Our longest running book group brings together readers who enjoy discussing and sharing insights about a single title each month. Facilitated conversations are lively, intelligent, and insightful. The titles are mostly fiction, with one nonfiction choice included each year. The group chooses titles for the coming year by ballot in the spring. Book discussions are held on the third Wednesday of the month, September through June (no July or August meetings), and all adult patrons enthusiastic about reading and talking about books are invited to join us as often as they can. Before each meeting, you can pick up your copy for the next month’s discussion at the Circulation Desk. If you have questions, please contact Karen Stern at the Reference Desk or email stern@noblenet.org.

Next Meeting: October 16, 2019
To Discuss: There There by Tommy Orange

Orange tells the story of 12 characters, each of whom have reasons for traveling to the Big Oakland Powwow. Jacquie Red Feather is newly sober and trying to make it back to the family she left behind. Dene is there because he has been collecting stories to honor his uncle’s death. Edwin is looking for his true father. Opal came to watch her boy Orvil dance. All of them are there for the cultural celebration that is the Big Oakland Powwow. All of them are connected by bonds they may not yet understand. But Tony Loneman is also there. And Tony has come to the Powwow with darker intentions. Reviewer Derek Palacio calls There There, “propulsive, groundbreaking…polyphonic and multigenerational, weaving together an array of contemporary Native American voices into a [narrative] about violence and recovery, about family and loss, about identity and power.” Awards: Center for Fiction First Novel Prize. Pulitzer Prize Nominee for Fiction (2019). National Book Award Nominee for Fiction (2018).

Tommy Orange is a recent graduate from the MFA program at the Institute of American Indian Arts. He is a 2014 MacDowell Fellow, and a 2016 Writing by Writers Fellow. He is an enrolled member of the Cheyenne and Arapaho Tribes of Oklahoma. He was born and raised in Oakland, California, and currently lives in Angels Camp, California.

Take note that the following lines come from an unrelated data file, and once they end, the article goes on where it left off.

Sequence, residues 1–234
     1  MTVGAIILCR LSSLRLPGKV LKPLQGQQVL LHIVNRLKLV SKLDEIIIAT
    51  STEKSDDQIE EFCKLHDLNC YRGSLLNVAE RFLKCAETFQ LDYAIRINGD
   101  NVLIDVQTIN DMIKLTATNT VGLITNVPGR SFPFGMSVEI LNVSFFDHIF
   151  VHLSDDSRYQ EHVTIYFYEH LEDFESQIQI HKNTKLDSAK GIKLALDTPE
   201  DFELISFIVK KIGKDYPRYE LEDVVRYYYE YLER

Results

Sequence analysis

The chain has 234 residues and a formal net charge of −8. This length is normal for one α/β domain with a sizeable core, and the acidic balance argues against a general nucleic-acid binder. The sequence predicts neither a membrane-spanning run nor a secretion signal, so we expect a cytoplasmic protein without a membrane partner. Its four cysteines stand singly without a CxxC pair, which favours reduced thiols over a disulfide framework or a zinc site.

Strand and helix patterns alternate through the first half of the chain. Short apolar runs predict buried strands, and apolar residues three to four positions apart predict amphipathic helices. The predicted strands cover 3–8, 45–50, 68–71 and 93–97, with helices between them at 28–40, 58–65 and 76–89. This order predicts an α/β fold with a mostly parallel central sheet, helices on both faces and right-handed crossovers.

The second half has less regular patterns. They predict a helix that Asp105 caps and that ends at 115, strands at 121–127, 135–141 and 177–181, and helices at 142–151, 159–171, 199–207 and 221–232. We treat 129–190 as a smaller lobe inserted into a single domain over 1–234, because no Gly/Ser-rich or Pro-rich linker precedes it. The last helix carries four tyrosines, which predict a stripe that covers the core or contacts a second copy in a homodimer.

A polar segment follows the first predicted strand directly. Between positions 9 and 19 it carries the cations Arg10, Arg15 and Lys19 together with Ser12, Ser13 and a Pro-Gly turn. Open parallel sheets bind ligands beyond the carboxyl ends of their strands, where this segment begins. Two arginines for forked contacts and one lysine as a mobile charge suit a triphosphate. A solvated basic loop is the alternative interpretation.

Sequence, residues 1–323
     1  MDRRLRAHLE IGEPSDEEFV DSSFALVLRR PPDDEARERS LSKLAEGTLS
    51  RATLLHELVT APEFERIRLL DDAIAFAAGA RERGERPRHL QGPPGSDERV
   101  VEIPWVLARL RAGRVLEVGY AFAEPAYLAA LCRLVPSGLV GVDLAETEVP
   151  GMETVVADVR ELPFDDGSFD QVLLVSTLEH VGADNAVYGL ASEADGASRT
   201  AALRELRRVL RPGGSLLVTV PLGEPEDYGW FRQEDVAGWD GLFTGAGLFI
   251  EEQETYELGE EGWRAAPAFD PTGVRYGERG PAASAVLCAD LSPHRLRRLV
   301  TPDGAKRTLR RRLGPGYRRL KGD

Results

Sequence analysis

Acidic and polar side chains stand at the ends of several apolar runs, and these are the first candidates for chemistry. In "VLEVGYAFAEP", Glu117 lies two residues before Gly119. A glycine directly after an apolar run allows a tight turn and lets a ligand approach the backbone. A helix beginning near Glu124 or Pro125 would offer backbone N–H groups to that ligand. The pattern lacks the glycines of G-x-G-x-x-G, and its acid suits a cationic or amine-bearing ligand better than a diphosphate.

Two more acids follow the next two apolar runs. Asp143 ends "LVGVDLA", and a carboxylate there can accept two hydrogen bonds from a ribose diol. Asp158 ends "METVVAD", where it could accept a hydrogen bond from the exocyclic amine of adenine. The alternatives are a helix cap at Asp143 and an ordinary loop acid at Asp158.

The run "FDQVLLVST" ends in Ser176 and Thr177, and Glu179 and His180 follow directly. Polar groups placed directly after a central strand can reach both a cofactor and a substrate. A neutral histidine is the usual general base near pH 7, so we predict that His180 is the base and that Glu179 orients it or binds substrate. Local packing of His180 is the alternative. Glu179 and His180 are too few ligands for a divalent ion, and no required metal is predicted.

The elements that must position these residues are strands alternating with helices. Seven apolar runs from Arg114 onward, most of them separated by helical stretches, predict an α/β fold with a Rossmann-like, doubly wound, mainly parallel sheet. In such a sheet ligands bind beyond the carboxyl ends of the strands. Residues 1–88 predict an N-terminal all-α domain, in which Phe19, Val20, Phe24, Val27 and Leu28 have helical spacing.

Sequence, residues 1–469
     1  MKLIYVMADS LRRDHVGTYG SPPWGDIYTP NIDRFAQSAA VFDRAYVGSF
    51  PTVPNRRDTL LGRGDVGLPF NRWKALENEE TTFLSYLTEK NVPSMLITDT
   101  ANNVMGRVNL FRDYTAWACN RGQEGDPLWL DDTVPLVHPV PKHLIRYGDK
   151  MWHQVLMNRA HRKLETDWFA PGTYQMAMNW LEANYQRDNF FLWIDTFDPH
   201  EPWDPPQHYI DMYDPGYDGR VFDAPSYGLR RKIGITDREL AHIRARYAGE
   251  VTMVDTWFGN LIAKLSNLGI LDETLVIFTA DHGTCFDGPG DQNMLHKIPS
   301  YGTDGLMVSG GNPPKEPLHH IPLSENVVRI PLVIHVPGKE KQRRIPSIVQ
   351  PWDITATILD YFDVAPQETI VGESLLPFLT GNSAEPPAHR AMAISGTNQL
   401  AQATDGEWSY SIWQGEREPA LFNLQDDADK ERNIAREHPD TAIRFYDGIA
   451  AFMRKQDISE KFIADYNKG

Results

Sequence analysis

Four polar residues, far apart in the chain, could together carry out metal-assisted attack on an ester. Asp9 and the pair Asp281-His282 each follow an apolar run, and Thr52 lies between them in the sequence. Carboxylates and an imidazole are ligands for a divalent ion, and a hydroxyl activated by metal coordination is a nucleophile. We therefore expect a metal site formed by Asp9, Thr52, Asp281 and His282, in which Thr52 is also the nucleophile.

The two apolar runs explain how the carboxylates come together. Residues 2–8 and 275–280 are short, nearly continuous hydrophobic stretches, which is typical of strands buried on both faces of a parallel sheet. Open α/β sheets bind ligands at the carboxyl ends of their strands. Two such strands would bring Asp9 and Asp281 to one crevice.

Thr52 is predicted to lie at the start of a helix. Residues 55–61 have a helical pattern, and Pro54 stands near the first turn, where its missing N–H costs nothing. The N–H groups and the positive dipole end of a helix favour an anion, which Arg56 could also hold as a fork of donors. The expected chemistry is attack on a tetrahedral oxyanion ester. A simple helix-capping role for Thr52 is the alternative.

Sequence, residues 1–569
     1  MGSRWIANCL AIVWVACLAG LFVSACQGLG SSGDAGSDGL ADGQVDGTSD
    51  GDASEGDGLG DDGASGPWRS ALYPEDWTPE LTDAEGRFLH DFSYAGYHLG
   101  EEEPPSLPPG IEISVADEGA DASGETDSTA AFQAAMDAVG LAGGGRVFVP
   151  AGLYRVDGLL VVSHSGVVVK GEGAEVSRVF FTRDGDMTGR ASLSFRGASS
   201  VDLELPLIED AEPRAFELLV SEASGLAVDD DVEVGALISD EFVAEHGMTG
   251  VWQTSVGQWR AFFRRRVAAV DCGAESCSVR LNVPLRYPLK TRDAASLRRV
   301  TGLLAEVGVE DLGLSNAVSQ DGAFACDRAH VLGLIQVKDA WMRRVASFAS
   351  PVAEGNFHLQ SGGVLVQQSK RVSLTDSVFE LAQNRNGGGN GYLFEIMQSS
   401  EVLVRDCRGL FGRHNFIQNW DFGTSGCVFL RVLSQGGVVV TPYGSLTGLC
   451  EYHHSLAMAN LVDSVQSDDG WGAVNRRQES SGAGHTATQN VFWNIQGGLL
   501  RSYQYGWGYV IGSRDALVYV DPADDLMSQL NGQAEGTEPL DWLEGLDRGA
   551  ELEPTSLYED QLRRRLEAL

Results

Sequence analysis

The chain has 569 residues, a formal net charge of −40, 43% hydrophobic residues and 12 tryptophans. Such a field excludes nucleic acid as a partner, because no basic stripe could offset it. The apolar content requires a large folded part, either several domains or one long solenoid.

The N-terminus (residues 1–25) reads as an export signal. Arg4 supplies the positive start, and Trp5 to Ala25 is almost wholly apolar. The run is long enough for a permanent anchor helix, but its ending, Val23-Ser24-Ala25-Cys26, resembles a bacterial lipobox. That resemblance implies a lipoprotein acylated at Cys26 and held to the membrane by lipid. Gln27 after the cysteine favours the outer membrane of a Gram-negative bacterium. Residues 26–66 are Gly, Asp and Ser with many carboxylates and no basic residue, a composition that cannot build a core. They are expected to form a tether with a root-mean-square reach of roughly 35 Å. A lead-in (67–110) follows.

To Think About While You Read: Who are “Urban Indians”? How did the idea of the Urban Indian relate to the assimilation that was pushed on American Indians by the US Government and European culture? Think about how each character navigates the reality of being an Urban Indian while trying to stay connected with their heritage.

Web Articles for Further Reading 
Yes, Tommy Orange’s New Novel Really Is That Good – by Colm Toibin, nytimes.com, June 19, 2018.
Video: ‘Writing out of a loneliness,’ novelist explores the range of native experiences – YouTube, Dec 14, 2018.
What does it mean to be Native American? A new novel offers a bracing answer. by Ron Charles, washingtonpost.com, May 29, 2018.
Meet Tommy Orange, author of the year’s most galvanizing debut novel by David Canfield, ew.com, June 4, 2018

2019 SCHEDULE (2019-2020 Discussion Titles were voted on by group members in May 2019.)
November 20    Varina by Charles Frazier
December 18    Eleanor Oliphant is Completely Fine by Gail Honeyman
January 15        Less by Andrew Sean Greer
February 19      Educated by Tara Westover
March 18          The Friend by Sigrid Nunez
April 15             Stay With Me by Ayobami Adebayo
May 20              How to Stop Time by Matt Haig
June 17             The Word is Murder by Anthony Horowitz

Previous Discussions (1998 to 2018)